Hillary Clinton: We need to put Silicon Valley tech firms to ‘work at disrupting ISIS’

“Hillary Clinton said on Sunday that the Islamic State had become ‘the most effective recruiter in the world’ and that the only solution was to engage American technology companies in blocking or taking down militant websites, videos and encrypted communications,” David E. Sanger reports for The New York Times. “‘You are going to hear all the familiar complaints: ‘freedom of speech,” Mrs. Clinton said in an hourlong speech and question-and-answer session at the Saban Forum, an annual gathering at the Brookings Institution that focuses mostly on Israel’s security issues.”

MacDailyNews Take: As if hearing “all the familiar complaints” somehow obviates their point.

Freedom of speech is not a nuisance to be dispensed with when one doesn’t like or agree with the speech. Either everybody has freedom of speech or nobody does.

Ideas won’t go to jail. In the long run of history, the censor and the inquisitor have always lost. The only sure weapon against bad ideas is better ideas. — Alfred Whitney Griswold, 16th President of Yale University

If we don’t believe in freedom of expression for people we despise, we don’t believe in it at all. —Noam Chomsky

“In a reference to Silicon Valley’s reverence for disruptive technologies, Mrs. Clinton said, ‘We need to put the great disrupters at work at disrupting ISIS,’ an acronym used for the militant group,” Sanger reports. “Mrs. Clinton’s comments echo recent White House calls… But Mrs. Clinton is also risking putting herself at odds with technology executives and entrepreneurs crucial to her campaign’s fund-raising. And in Iowa and New Hampshire, states important early in the campaign, there is still considerable suspicion of the government and its demands for greater access to daily electronic communications.”

MacDailyNews Take: Adhere to the U.S. Constitution.

None of us should accept that the government or a company or anybody should have access to all of our private information. This is a basic human right. We all have a right to privacy. We shouldn’t give it up. We shouldn’t give in to scare-mongering or to people who fundamentally don’t understand the details.Apple CEO Tim Cook, February 27, 2015

Visit the Apple-backed reformgovernmentsurveillance.com today.

“Mrs. Clinton used the forum to continue staking out a harder line on Iran than President Obama has in public… She said there should be ‘no doubt in Tehran’ that if the United States saw ‘any violations in the deal’ or an effort to procure or develop nuclear weapons technology, ‘we will stop them,’ including, she added, ‘taking military action,'” Sanger reports. “At one point, responding to a question, she referred to using the ‘nuclear option’ against Iran — usually interpreted as using a nuclear weapon — before her attention was caught by a prominent member of the audience, Justice Stephen G. Breyer of the Supreme Court. ‘Oh, the military option, thank you, Justice Breyer. He’s a careful listener,’ Mrs. Clinton said, reiterating that she meant a military option to prevent Iran from obtaining a nuclear weapon. It was a rare moment: a sitting member of the court rescuing a political candidate from a mistaken comment.”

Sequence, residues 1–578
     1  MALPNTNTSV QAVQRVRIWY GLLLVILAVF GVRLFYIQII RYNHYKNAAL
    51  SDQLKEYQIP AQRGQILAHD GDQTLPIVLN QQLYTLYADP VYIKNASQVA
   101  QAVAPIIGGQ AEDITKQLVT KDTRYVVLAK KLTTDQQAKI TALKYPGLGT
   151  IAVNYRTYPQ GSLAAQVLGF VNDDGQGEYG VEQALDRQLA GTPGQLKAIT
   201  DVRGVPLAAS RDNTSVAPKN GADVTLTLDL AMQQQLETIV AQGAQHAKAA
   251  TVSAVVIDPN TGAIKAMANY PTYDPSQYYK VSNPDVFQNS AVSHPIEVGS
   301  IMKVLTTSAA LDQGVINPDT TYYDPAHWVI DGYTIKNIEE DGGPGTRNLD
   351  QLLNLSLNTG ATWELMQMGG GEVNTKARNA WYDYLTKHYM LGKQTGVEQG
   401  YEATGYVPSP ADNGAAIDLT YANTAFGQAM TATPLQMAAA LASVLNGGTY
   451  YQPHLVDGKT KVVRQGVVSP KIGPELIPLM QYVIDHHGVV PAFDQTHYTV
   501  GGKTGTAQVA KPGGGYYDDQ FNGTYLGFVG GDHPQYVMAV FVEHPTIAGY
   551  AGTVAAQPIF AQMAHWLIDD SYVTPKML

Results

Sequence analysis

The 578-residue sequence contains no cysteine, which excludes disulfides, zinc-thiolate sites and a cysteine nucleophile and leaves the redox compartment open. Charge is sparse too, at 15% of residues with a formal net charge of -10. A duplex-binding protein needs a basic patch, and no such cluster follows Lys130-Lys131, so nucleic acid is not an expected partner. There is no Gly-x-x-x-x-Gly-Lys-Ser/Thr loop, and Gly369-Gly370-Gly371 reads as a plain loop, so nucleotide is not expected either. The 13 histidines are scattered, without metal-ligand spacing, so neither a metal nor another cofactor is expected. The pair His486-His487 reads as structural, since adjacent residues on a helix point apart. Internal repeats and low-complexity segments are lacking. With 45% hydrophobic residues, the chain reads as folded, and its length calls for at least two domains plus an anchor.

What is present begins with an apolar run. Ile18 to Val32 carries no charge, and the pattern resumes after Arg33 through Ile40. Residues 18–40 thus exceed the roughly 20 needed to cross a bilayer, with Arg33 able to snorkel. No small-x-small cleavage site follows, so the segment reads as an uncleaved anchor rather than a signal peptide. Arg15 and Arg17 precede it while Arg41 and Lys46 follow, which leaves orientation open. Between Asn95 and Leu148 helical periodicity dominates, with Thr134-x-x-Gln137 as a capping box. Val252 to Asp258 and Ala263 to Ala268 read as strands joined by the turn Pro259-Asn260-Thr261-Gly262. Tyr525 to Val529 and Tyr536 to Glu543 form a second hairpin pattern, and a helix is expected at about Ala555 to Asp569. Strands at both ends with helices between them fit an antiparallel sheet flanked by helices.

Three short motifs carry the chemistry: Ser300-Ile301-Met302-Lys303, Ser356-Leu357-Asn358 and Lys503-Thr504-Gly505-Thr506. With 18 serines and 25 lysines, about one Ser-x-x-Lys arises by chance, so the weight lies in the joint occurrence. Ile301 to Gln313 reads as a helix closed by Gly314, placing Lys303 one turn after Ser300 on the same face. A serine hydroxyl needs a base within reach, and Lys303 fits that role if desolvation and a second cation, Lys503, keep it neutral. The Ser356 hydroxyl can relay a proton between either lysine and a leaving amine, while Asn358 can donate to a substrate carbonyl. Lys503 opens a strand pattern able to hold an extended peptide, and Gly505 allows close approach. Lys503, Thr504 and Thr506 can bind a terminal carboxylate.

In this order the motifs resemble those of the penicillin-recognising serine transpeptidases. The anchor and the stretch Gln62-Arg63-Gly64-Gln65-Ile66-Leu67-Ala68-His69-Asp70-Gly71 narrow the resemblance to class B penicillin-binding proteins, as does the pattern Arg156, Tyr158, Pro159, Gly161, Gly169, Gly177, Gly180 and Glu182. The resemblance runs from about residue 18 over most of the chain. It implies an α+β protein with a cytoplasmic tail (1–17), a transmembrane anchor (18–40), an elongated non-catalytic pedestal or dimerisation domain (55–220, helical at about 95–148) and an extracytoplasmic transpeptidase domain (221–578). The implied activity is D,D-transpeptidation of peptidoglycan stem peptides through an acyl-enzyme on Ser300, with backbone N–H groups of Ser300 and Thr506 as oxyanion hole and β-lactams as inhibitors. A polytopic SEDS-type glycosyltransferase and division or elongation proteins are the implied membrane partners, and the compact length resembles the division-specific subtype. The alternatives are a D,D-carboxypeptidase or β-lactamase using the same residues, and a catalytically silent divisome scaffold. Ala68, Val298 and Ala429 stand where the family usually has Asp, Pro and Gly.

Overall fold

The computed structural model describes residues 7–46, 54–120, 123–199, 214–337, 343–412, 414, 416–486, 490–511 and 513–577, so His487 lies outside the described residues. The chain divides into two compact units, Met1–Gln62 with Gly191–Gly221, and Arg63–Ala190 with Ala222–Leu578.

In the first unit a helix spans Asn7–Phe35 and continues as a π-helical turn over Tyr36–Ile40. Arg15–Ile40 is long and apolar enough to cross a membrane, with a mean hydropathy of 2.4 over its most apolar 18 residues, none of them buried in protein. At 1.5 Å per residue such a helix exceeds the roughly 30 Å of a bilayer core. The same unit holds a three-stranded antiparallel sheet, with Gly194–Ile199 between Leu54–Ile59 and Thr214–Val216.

MacDailyNews Take: If that doesn’t prove the U.S. Supreme Court is a purely political institution, nothing ever will.

“Much of Mrs. Clinton’s speech was closely aligned with Mr. Obama’s recent arguments about confronting the Islamic State. She spoke of the need to make sure that anyone on a ‘no-fly’ list also could not purchase a gun — a position several Republican candidates took issue with on Sunday — and to explicitly avoid blaming the American Muslim community for the acts of a small number of extremist,” Sanger reports. “Her critique of American technology companies was impassioned but vague on the specifics of what she was asking them to do… Over the past year, technology firms have made clear they do not want to be in the position of ideological censors. And Mrs. Clinton herself was a major advocate, as secretary of state, of programs that expanded Internet access to get around the censorship of repressive societies, starting with China.”

“Encryption poses an even more difficult problem, and Mrs. Clinton appeared to be calling for discussion among the technology companies, intelligence agencies and law enforcement groups,” Sanger reports. “But that discussion has been underway, in public and private, for nearly a year now.”

Full article here.

MacDailyNews Take: Adhere to the U.S. Constitution.

Once a government is committed to the principle of silencing the voice of opposition, it has only one way to go, and that is down the path of increasingly repressive measures, until it becomes a source of terror to all its citizens and creates a country where everyone lives in fear. — U.S. President Harry S. Truman

Terrorism is horrible and must be stopped. All of us must do everything we can do to stop this craziness… these people shouldn’t exist. They should be eliminated… You don’t want to eliminate everyone’s privacy. If you do, you not only don’t solve the terrorist issue but you also take away something that is a human right. The consequences of doing that are very significant. Apple CEO Tim Cook, February 27, 2015

Visit the Apple-backed reformgovernmentsurveillance.com today.

Those who would give up essential liberty to purchase a little temporary safety deserve neither liberty nor safety. – Benjamin Franklin, Historical Review of Pennsylvania, 1759

Tim Cook attacks Google, U.S. federal government over right to privacy abuses – June 3, 2015
Apple CEO Tim Cook advocates privacy, says terrorists should be ‘eliminated’ – February 27, 2015
Apple’s iPhone encryption is a godsend, even if government snoops and cops hate it – October 8, 2014
Short-timer U.S. Attorney General Eric Holder blasts Apple for protecting users’ privacy against government overreach – September 30, 2014
FBI blasts Apple for protective users’ privacy by locking government, police out of iPhones and iPads – September 25, 2014
Apple thinks different about privacy – September 23, 2014
Apple CEO Tim Cook ups privacy to new level, takes direct swipe at Google – September 18, 2014
Apple will no longer unlock most iPhones, iPads for government, police – even with search warrants – September 18, 2014
Would you trade privacy for national security? Most Americans wouldn’t – August 6, 2014
Apple begins encrypting iCloud email sent between providers – July 15, 2014